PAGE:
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Tidsskr Nor Laegeforen. 2009 Sep 24;129(18):1864-7. doi: 10.4045/tidsskr.08.0656.

[Maggot therapy in wound management].

[Article in Norwegian]

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  • 1Det medisinske fakultet, Universitetet i Tromsø, 9037 Tromsø, Norway.



Maggots' ability to prevent infections and promote wound healing has been known since the 19th century. Increasing problems with treatment-resistant wounds and antibiotic-resistant bacteria has aroused interest in maggot therapy.


Literature on maggot therapy - identified through a non-systematic search of Pubmed - was reviewed.


Maggot therapy is the medical use of disinfected fly larvae (usually the larvae of Lucilia sericata) in treatment of wounds resistant to conventional treatment. The maggots work through three mechanisms of action; they debride wounds by dissolving necrotic tissue, clean wounds by killing bacteria and promote wound healing. The larvae have a broad antibacterial action against Gram-negative and Gram-positive bacteria, including MRSA. Maggot therapy is used to debride a number of complicated skin and soft tissue wounds - e.g.. pressure ulcers, venous stasis ulcers, neurovascular ulcers, traumatic wounds and burns - but also as a treatment for osteomyelitis. Large controlled clinical trials have not been performed. Maggot therapy has not been associated with serious side effects.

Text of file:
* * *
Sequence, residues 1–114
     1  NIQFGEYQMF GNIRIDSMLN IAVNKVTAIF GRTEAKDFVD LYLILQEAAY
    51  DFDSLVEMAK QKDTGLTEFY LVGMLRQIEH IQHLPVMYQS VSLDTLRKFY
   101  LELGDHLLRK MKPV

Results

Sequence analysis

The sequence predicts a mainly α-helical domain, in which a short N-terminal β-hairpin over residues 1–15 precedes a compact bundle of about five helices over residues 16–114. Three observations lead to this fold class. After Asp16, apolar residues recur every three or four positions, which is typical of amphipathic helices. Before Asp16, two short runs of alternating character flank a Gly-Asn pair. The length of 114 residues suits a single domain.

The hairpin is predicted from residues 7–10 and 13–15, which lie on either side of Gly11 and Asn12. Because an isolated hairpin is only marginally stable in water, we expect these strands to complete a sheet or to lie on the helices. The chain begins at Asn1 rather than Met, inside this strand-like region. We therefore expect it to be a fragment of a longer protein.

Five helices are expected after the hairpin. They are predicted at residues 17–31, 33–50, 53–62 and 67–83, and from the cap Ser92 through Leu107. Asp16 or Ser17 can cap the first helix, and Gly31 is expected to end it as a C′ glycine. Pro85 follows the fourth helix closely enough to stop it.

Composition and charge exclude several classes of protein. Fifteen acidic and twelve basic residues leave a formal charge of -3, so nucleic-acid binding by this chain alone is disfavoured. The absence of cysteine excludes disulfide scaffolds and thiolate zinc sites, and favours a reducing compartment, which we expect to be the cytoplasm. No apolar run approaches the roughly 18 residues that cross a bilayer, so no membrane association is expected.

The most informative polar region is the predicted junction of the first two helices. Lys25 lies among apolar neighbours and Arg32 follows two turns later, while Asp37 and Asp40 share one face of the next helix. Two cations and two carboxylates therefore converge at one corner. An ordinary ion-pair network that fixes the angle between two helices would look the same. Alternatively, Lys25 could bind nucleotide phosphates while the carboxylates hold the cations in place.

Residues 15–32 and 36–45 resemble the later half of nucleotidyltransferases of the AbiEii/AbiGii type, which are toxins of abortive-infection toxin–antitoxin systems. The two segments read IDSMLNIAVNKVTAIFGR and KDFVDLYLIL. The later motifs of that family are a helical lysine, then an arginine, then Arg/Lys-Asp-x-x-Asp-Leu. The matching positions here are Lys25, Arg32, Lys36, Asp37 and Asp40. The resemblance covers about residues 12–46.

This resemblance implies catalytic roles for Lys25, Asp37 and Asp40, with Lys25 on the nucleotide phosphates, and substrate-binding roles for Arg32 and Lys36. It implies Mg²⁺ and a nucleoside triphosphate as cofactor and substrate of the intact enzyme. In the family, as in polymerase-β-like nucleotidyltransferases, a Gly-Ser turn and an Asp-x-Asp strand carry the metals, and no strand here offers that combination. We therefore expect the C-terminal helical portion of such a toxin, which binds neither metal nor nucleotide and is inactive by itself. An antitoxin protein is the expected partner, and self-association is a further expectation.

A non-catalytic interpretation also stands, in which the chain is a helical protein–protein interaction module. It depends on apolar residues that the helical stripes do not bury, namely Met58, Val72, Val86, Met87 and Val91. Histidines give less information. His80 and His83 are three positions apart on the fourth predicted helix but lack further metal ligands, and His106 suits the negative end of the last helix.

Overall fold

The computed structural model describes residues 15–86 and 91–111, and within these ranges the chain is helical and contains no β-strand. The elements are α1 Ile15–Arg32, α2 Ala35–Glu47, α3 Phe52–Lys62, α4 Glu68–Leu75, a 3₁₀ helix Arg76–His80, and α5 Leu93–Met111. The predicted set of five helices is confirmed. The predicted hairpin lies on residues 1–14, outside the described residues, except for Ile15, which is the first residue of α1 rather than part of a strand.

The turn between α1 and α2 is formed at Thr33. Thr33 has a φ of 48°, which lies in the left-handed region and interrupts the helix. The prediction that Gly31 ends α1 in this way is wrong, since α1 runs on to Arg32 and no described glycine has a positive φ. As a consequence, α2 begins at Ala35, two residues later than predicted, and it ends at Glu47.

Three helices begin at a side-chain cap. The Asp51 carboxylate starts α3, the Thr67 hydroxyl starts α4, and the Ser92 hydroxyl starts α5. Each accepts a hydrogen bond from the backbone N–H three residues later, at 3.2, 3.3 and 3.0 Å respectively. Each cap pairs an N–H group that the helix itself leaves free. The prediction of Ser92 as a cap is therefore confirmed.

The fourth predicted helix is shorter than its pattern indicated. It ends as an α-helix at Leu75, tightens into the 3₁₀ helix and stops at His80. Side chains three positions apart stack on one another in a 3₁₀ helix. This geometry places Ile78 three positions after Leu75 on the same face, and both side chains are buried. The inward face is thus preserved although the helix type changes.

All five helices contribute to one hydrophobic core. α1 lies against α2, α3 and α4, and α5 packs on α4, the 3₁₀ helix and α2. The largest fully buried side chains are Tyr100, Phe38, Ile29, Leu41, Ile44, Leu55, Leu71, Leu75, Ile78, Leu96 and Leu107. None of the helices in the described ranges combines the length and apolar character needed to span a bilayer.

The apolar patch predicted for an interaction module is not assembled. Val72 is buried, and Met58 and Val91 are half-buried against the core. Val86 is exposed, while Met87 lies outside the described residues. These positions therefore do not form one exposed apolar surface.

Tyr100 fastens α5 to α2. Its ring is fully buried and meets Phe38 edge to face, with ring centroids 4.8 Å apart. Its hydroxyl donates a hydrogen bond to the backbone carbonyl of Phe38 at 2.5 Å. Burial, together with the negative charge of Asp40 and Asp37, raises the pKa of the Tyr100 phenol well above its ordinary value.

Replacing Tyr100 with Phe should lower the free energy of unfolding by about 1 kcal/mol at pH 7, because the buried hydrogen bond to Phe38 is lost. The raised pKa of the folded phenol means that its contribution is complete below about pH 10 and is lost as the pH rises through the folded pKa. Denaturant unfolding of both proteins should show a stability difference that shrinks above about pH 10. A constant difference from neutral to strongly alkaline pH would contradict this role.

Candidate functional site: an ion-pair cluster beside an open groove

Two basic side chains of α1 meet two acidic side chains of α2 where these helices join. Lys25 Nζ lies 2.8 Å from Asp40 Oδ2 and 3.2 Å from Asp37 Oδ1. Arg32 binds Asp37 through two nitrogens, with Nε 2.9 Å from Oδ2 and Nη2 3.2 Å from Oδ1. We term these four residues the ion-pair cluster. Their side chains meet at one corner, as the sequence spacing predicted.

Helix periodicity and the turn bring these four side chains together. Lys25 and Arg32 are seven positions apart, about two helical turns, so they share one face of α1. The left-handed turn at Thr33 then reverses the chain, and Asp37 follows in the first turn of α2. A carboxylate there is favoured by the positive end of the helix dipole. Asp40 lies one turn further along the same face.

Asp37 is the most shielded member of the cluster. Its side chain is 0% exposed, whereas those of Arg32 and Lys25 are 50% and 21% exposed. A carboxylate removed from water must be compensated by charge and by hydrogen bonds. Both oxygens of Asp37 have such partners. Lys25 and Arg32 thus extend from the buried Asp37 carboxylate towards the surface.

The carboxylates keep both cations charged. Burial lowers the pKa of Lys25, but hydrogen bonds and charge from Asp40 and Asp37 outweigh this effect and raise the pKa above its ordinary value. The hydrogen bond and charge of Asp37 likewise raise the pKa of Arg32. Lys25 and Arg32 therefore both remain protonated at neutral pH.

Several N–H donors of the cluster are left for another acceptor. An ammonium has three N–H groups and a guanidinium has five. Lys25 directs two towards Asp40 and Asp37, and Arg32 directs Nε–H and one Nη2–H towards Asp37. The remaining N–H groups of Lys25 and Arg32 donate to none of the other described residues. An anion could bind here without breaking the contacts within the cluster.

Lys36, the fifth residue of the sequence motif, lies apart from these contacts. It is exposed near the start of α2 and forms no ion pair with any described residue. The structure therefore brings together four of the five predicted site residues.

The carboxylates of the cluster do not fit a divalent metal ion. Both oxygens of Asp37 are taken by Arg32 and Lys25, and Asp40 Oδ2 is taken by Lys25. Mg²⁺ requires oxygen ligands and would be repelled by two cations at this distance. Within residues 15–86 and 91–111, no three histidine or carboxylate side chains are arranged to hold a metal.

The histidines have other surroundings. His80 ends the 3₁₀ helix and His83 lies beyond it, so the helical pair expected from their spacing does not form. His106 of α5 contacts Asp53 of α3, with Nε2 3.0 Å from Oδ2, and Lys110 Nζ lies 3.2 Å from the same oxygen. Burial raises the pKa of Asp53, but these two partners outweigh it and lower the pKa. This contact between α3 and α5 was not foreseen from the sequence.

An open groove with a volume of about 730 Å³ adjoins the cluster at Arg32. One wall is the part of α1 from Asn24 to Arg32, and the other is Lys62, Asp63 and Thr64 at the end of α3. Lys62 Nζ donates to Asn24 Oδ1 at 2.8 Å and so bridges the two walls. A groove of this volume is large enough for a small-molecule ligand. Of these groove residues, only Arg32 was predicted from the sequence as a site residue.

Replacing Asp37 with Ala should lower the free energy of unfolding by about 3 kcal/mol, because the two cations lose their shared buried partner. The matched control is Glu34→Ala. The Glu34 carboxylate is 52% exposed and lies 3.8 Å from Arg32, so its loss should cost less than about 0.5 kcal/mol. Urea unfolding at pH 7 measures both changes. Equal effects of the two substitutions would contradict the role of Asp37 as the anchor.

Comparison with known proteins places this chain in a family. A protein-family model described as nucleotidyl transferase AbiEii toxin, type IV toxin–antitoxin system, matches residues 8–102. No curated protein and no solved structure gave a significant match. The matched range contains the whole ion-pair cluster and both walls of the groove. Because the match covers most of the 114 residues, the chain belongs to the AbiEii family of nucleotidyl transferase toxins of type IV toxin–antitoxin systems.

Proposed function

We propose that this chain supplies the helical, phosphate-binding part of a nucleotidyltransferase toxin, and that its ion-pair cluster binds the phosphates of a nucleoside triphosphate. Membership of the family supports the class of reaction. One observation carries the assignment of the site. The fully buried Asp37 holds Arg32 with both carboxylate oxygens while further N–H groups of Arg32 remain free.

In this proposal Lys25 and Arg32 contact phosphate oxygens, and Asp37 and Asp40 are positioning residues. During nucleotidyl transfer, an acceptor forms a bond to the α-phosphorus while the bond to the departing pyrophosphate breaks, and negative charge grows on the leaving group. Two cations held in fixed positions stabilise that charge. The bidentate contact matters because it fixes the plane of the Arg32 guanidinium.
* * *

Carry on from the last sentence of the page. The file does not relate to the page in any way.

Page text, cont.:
Maggot therapy seems to be an effective and environmentally friendly treatment of complicated necrotic wounds that are resistant to conventional treatment. Maggot therapy should also be considered in earlier stages of treatment.

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